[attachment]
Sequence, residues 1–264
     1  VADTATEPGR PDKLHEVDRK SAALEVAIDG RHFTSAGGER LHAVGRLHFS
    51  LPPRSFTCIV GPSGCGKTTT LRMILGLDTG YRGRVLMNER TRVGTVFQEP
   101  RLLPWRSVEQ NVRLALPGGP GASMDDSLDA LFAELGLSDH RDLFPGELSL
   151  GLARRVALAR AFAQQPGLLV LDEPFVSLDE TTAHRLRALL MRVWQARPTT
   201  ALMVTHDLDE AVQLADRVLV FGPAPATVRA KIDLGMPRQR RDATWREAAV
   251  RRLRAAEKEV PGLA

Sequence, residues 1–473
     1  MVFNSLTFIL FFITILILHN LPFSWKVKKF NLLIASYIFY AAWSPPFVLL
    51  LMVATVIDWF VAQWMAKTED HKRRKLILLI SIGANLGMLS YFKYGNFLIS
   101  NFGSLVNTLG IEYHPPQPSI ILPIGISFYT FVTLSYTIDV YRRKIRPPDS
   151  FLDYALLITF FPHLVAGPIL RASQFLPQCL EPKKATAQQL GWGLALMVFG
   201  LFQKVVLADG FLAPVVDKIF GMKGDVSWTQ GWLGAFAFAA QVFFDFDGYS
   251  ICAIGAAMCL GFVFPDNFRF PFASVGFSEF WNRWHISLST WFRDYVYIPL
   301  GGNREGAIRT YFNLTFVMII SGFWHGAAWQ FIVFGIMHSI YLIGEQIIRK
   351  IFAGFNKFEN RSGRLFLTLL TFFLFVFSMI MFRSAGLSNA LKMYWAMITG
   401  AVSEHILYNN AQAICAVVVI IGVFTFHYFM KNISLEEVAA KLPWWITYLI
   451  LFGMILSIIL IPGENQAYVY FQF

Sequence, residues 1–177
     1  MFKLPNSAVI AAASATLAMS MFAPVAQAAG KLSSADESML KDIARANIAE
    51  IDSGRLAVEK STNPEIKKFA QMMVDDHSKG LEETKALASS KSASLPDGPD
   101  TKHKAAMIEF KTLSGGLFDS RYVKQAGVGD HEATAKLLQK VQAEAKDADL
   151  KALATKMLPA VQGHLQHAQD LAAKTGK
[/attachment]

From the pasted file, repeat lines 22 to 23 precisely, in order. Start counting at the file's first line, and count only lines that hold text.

   101  TKHKAAMIEF KTLSGGLFDS RYVKQAGVGD HEATAKLLQK VQAEAKDADL
   151  KALATKMLPA VQGHLQHAQD LAAKTGK